They should argue for ending the federal highway "trust fund" and the federal gasoline tax that supports it, and for returning both the tax money and the infrastructure responsibility to the states. This could probably be accomplished for less than the hundreds of billions Obama is planning to spend and would have a myriad of benefits.

First, getting rid of the gasoline tax, as with cutting any tax, would have a stimulative effect on the economy. Cash would be freed up to be spent on consumer goods or invested in new jobs and new businesses.

Second, the highway trust fund, like the Social Security trust fund, is often diverted for other purposes, some of which have nothing to do with roads or even with transportation. So getting rid of the trust fund could mean that more money designated for infrastructure is actually spent on it.

Third, this would give states the ability to experiment with new, more efficient methods of transportation. They could fund the roads with user fees and/or congestion pricing, without drivers paying for roads "twice"—at the gas pump and at the toll booth.

A conservative infrastructure plan would gain popularity by offering to put states in the driver's seat, rather than keeping them in their current position: buckled up in the back, shouting, "Are we there yet?!"

—John Berlau is director of the Center for Entrepreneurship at the Competitive Enterprise Institute and author of Eco-Freaks.


Conservatives have already begun to ridicule projects—from tennis centers to dog parks—that cities and states are calling infrastructure just to get part of the trillion-dollar Obama-lode. We need to continue showing the waste among projects and the broad definition of infrastructure implied by them.

On top of that, we need to show the poor value even in real infrastructure projects such as roads and rails. North Carolina's road spending is supposed to encourage economic development. Small towns throughout eastern North Carolina have beautiful four-lane roads but still no growth, while the growing Charlotte, Greensboro, and Raleigh regions have increasing congestion. Those larger cities, and their brethren across the country, now look to trains as a way to control where people live—I mean, to promote growth.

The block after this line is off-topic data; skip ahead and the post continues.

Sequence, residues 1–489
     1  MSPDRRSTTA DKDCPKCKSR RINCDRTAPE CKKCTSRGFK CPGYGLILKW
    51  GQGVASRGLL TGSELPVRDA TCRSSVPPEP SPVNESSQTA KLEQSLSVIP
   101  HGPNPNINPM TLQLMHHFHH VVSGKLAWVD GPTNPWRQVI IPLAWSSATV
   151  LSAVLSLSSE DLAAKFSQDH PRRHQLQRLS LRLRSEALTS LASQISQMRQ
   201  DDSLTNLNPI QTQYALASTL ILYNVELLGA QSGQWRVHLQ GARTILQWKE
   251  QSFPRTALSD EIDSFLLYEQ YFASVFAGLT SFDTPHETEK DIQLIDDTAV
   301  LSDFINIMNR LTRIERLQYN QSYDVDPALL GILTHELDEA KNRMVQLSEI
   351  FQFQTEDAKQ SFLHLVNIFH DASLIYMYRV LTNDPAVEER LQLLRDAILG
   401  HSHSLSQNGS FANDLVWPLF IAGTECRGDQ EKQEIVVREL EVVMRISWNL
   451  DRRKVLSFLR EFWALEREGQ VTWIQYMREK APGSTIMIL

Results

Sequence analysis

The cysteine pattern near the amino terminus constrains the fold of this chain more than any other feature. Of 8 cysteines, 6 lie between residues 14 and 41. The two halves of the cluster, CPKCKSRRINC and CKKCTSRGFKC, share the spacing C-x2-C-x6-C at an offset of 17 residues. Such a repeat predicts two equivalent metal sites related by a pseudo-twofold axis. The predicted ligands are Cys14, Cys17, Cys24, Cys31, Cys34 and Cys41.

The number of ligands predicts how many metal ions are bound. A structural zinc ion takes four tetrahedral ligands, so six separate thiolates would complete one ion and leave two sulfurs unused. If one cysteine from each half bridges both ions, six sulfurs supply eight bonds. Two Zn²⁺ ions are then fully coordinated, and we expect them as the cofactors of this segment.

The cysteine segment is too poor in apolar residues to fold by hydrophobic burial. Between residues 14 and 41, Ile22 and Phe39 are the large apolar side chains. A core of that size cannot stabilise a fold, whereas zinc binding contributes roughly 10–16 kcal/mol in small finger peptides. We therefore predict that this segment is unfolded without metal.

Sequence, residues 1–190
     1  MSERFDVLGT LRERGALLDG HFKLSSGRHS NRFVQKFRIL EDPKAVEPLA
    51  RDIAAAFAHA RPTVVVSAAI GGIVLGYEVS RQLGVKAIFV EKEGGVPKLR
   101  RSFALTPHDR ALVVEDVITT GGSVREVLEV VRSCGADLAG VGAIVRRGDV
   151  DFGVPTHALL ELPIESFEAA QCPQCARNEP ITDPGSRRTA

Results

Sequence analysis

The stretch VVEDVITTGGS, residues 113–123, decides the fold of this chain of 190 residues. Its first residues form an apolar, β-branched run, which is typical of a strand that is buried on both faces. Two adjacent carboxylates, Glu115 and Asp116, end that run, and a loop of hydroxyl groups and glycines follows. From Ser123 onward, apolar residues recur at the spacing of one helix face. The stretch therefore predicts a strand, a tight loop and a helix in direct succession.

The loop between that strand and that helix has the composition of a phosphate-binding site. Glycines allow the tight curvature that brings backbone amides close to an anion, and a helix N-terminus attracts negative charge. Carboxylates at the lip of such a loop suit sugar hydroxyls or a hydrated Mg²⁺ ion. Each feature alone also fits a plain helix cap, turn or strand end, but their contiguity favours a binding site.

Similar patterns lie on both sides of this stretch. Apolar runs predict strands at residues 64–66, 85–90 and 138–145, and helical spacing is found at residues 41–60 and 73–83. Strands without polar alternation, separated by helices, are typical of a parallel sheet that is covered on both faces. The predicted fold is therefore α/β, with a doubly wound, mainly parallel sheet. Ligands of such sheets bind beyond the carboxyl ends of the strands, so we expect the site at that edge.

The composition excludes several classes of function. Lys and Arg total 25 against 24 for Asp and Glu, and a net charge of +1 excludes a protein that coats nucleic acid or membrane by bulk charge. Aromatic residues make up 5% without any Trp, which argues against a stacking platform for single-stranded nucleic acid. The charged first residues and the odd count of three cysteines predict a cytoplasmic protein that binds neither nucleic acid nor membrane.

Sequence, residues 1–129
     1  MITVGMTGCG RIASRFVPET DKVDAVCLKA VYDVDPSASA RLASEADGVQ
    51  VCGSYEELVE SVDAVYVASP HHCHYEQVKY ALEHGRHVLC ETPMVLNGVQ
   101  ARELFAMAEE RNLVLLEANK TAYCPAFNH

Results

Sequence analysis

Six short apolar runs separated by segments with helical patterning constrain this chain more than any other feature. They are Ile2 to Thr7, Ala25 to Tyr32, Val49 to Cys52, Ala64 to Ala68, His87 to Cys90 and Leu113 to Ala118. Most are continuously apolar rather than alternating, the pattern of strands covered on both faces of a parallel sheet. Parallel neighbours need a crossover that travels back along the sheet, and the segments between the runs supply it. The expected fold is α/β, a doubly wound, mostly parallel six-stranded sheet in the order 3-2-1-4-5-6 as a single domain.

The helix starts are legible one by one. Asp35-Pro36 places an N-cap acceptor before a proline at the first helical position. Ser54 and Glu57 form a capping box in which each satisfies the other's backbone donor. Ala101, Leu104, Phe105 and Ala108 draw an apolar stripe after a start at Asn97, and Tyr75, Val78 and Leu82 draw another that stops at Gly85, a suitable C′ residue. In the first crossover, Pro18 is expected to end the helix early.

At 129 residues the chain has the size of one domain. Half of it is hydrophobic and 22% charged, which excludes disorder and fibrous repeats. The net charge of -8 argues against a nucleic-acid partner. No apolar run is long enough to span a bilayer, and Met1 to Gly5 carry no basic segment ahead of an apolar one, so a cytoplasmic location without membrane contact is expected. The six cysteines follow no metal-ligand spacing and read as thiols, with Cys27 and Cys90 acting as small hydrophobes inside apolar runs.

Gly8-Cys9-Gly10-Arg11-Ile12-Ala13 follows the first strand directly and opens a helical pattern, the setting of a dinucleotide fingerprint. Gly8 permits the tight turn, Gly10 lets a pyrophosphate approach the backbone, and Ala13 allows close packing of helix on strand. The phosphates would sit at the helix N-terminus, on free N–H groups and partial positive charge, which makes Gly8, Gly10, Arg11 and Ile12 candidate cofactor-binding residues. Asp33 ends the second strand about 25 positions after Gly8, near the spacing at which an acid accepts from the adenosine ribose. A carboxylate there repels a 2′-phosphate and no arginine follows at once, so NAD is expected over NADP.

Japan tried the same approach throughout the 1990s, paving riverbeds and actually building bridges to nowhere. Again to no effect.

The conservative approach to infrastructure should focus on self-sustaining projects. Many areas in the country already have private electric, gas, phone, and cable services. Most recent subdivisions have private roads. Private water and rail systems work in places around the world where there is demand. Let's try privatizing more infrastructure, just for kicks.

—Joseph Coletti is fiscal-policy analyst for the John Locke Foundation.


Spending is not an end in itself. Otherwise, it would not matter whether we dug holes and then filled them up or spent the money on projects providing longer-term benefits. Regrettably, Washington's policy environment is skewed toward "hole digging." This is indicated by the current ideological (and romantic) bias toward transit spending. There is a false perception that spending more money on transit will get people out of cars. The recent increases in transit ridership have reinforced that fantasy. The reality is that the transit increases are directly related to only 3 percent of the decline in urban auto use. Things have gotten no better over the past decade. To the extent that the infrastructure package includes transportation, projects need to be prioritized based upon productivity, such as cost per hour of travel delay reduced. An administration and Congress serious about improving the economy must reject ideological hole-digging and the rewarding of interest groups. Instead, Washington should focus, however uncharacteristically, on the broad national interest. Rational policy is required.